The World Health Organization recommended substandard care to people with multidrug-resistant tuberculosis living in developing countries, according to a new paper published in the Health and Human Rights Journal. Between 1993 and 2002, the WHO made treatment recommendations in low-income countries based on cost – treatment that was deemed substandard in wealthy countries. The action violated patient rights and was in opposition to the very standards set out and enforced by the WHO, researchers from Duke University and Harvard Medical School said.
“Simply put, it’s not OK to give people substandard (we’re not even talking suboptimal here) care because they are poor,” said lead author Thomas Nicholson in an email to Humanosphere.
Partners in Health reported an outbreak in Lima, Peru, of multidrug-resistant tuberculosis (MDR TB), in 1995. The government worked with the WHO to develop guidelines for treatment to prevent the spread of the airborne disease. Initially, the country added an antibiotic to the existing treatment for non-resistant TB. That did nothing to protect patients and only added to the development of resistance.
Two years later, new guidelines were developed with the help of the WHO. The final policy called for the use of drugs different from those recommended in Europe because they were 80 percent cheaper. Other protocols for care that were standard at the time were relaxed. As a result, only 48 percent of patients with MDR-TB were cured, many died, and others developed more drug-resistant strains.
“The shroud of cost-effectiveness thrown over this bad treatment was not one the WHO had always used – it was more or less in 1991 when it was out of money and allied with the World Bank that it really began to prioritize such analysis,” Nicholson said. “It’s waned in popularity over the last decade but is still very much in use.”
Similar events played out in India, Russia and Belarus at around the same time. Major international bodies like the WHO are meant to protect the rights of individuals, especially the world’s most poor and vulnerable. The authors argue that rights should be considered ahead of things like cost. Nicholson cited the idea of “preferential option for the poor,” an ethic popularized by Peruvian Catholic priest Gustavo Gutierrez, who also is a major influence on Partners in Health co-founder Paul Farmer.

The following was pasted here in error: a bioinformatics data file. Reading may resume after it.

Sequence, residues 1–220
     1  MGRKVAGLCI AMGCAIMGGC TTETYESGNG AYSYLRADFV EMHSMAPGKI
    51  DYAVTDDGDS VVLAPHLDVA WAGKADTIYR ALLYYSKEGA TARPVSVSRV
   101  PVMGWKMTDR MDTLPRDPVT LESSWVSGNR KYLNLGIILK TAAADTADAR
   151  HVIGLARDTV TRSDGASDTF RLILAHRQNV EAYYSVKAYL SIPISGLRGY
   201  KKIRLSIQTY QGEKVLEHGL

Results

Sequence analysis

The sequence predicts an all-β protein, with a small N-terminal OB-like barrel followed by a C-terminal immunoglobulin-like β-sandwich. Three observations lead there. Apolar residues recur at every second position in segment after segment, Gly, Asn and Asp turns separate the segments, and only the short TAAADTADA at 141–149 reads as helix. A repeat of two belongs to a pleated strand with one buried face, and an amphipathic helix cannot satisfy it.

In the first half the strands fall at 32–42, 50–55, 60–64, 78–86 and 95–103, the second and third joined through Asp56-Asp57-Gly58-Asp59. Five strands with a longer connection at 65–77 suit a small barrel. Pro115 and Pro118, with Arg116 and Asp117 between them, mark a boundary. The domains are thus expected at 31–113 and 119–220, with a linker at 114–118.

The issue remains important as TB continues to kill some 1.5 million people per year and outbreaks of Ebola and Zika have forced the WHO and other health organizations to issue rapid guidelines for mounting a response. A more subtle double standard for TB care still exists, said Nicholson. New guidelines for treating patients with latent TB urge wealthy countries to use new regimens and drugs, while poorer countries are advised to maintain previous guidelines.
“Recommendations should never preclude a country, district health office or local public health agency from going for the highest standard of health for their people if and when they so choose,” Nicholson said. “I think that humanity, with all its potential and ingenuity, can certainly muster the resources to provide high-quality health care for an infectious, airborne disease that is curable.”